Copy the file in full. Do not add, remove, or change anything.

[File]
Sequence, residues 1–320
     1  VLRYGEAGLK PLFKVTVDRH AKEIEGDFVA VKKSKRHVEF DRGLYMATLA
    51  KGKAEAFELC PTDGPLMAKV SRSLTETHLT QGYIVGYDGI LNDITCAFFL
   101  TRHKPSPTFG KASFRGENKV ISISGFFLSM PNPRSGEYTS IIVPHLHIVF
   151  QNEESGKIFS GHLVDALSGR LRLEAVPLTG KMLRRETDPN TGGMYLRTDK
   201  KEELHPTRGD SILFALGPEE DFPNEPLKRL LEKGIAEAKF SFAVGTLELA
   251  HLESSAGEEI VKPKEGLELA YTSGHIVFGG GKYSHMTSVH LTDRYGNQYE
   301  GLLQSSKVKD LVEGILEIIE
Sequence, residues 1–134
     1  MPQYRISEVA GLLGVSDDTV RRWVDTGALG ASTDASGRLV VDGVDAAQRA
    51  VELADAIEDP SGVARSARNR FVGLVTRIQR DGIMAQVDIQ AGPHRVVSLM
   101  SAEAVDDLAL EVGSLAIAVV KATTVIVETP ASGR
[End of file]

Sequence, residues 1–320
     1  VLRYGEAGLK PLFKVTVDRH AKEIEGDFVA VKKSKRHVEF DRGLYMATLA
    51  KGKAEAFELC PTDGPLMAKV SRSLTETHLT QGYIVGYDGI LNDITCAFFL
   101  TRHKPSPTFG KASFRGENKV ISISGFFLSM PNPRSGEYTS IIVPHLHIVF
   151  QNEESGKIFS GHLVDALSGR LRLEAVPLTG KMLRRETDPN TGGMYLRTDK
   201  KEELHPTRGD SILFALGPEE DFPNEPLKRL LEKGIAEAKF SFAVGTLELA
   251  HLESSAGEEI VKPKEGLELA YTSGHIVFGG GKYSHMTSVH LTDRYGNQYE
   301  GLLQSSKVKD LVEGILEIIE
Sequence, residues 1–134
     1  MPQYRISEVA GLLGVSDDTV RRWVDTGALG ASTDASGRLV VDGVDAAQRA
    51  VELADAIEDP SGVARSARNR FVGLVTRIQR DGIMAQVDIQ AGPHRVVSLM
   101  SAEAVDDLAL EVGSLAIAVV KATTVIVETP ASGR